Air Fryer vs. Oven: What’s the Difference and Which Is Healthier?

If you have a convection oven, do you really need an air fryer to make air fryer recipes? We settle the air fryer vs. oven debate.

Not too long ago, we demystified the air fryer craze and spilled the beans about whether we thought they were worth the investment. The question keeps coming up, though: What’s the difference between air frying and baking? We see it on Reddit forums and Facebook feeds, so we decided to break it down.

First, what is an air fryer?

An air fryer is a compact, countertop appliance that uses convection heating to circulate air around your food. The food is held inside in a basket and a fan rapidly moves air around the food, surrounding it in a similar way to food submerged in hot oil in a deep fryer. In the end, it works well to give food that crispy, fried texture without a lot of additional fat. Air fryers use little to no oil to get the same effect as traditional deep frying, and offer easier, alternative recipes than traditional baking.

Here’s everything else you need to know about air fryers.

How is air frying different from baking in an oven?

Conventional ovens work by producing heat from an element (either gas or electric). The heat is slowly dispersed through the oven over time. In the case of convection ovens, that time is sped up by the use of a fan—similar to the one in an air fryer.

On the other hand, air fryers use rapid air technology to create heat instead of an element. That helps them heat up much more quickly than an oven (not to mention that they’re much, much smaller, too). That small size helps them circulate the heat more evenly, crisping up your food without hot spots.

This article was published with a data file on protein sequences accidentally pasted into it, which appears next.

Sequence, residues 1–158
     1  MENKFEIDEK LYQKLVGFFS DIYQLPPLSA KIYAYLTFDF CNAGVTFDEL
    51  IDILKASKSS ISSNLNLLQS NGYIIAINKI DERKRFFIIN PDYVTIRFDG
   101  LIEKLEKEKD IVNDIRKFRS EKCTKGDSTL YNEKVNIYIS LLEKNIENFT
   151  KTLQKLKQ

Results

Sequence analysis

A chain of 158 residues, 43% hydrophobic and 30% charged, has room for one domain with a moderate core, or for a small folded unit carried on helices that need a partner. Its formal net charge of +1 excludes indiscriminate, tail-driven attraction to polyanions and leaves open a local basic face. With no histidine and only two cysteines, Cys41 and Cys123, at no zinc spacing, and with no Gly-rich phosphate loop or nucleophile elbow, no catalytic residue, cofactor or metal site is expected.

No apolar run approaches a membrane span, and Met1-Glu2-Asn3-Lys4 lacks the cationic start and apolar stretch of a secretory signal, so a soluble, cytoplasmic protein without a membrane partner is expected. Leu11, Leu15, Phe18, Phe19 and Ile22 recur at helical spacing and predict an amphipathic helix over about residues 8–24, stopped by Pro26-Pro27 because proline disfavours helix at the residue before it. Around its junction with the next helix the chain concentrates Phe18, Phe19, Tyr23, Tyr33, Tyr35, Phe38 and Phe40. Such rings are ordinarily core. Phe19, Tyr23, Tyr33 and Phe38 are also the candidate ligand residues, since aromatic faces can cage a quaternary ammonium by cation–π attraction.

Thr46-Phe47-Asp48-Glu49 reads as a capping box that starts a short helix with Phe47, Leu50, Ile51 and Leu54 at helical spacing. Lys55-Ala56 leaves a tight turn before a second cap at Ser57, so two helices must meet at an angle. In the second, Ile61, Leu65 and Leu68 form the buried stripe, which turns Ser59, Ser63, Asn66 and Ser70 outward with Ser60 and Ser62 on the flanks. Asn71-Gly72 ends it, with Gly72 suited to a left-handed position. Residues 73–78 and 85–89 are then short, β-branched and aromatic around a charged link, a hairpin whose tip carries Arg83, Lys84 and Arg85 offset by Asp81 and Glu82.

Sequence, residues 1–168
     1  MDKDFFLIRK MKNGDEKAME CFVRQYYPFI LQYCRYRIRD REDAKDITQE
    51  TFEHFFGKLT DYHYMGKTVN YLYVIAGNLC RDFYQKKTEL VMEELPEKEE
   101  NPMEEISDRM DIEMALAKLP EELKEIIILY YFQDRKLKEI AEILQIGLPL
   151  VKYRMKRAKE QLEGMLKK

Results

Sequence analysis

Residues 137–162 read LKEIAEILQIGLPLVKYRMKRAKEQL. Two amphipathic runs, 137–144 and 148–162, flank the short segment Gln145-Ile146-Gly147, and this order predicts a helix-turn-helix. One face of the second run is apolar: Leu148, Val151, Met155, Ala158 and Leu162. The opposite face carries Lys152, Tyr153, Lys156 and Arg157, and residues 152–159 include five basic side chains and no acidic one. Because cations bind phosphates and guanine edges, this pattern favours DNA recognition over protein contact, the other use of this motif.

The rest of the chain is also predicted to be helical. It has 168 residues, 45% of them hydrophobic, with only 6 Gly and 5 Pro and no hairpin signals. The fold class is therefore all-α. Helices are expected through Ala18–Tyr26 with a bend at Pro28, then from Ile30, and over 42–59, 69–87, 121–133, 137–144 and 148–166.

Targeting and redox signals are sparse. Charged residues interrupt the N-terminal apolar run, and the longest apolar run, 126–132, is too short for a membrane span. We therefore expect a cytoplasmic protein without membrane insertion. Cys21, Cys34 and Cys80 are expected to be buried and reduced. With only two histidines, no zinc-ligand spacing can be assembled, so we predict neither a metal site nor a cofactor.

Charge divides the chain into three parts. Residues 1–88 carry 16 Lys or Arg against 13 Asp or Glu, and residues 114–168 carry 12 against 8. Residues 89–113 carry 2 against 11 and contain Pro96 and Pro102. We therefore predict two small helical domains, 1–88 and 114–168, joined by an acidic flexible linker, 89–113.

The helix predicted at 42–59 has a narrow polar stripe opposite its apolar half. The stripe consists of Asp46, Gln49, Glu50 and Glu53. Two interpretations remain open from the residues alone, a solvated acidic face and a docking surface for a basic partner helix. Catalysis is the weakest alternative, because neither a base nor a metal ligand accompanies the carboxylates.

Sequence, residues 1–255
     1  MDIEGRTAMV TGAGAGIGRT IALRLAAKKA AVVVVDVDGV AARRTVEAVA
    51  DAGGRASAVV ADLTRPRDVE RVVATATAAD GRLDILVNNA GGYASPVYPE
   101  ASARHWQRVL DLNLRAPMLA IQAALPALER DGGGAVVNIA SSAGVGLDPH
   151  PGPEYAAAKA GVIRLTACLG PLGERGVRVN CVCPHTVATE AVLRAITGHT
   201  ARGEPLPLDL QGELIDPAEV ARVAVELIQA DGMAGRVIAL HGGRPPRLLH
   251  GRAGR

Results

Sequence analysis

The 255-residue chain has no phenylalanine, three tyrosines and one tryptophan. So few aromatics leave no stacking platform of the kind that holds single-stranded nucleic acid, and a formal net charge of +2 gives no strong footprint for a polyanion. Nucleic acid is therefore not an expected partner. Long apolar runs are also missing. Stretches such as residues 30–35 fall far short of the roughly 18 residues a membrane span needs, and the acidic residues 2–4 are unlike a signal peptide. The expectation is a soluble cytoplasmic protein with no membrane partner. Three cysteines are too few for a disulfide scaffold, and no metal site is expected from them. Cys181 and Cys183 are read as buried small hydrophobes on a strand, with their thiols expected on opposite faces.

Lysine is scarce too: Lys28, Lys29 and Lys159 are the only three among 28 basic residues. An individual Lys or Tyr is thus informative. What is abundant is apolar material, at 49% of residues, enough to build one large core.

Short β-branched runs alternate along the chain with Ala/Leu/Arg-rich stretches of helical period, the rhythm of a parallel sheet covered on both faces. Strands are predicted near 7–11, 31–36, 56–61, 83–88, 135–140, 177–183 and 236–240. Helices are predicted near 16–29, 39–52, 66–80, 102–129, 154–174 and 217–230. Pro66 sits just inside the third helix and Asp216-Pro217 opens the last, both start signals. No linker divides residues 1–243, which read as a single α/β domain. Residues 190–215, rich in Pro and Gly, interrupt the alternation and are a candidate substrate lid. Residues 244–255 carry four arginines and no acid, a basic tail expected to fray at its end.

Want to make sure your air fryer goodies get that golden hue of traditionally fried food? Try this simple trick.

Which method is healthier?

Here’s the real question: Is the air fryer healthier than baking food in the oven? With the air fryer, you don’t need to use any oil at all. That’s because the unit heats up so it’s hot enough to crisp your food without any added oil. I can’t say that I’ve ever been able to achieve that in an oven (even a convection oven).

This being said, if little to no oil is being added to the dishes you’re making in the air fryer, those dishes are just as healthy as if you would have baked them. The nutritionals aren’t changing, just the methodology, so air fry to your heart’s content!

The bottom line

If you have the money to invest in a new appliance and the space to store it, then go for it! The air fryer gives you the crunchy texture of fried foods without the extra grease and fat. These are our Test Kitchen’s favorite models.

Our Best Air Fryer Recipes
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Lindsay D. Mattison
Lindsay is a professional chef, recipe developer, writer and developmental editor. After years of working in restaurant kitchens, she turned to writing to share her skills and experience with home cooks and food enthusiasts. She's passionate about using local, organic ingredients and teaching others how to incorporate seasonal food into their diet. Lindsay still cooks professionally for pop-up events, writes for several publications and is the co-author of two books about Ayurveda.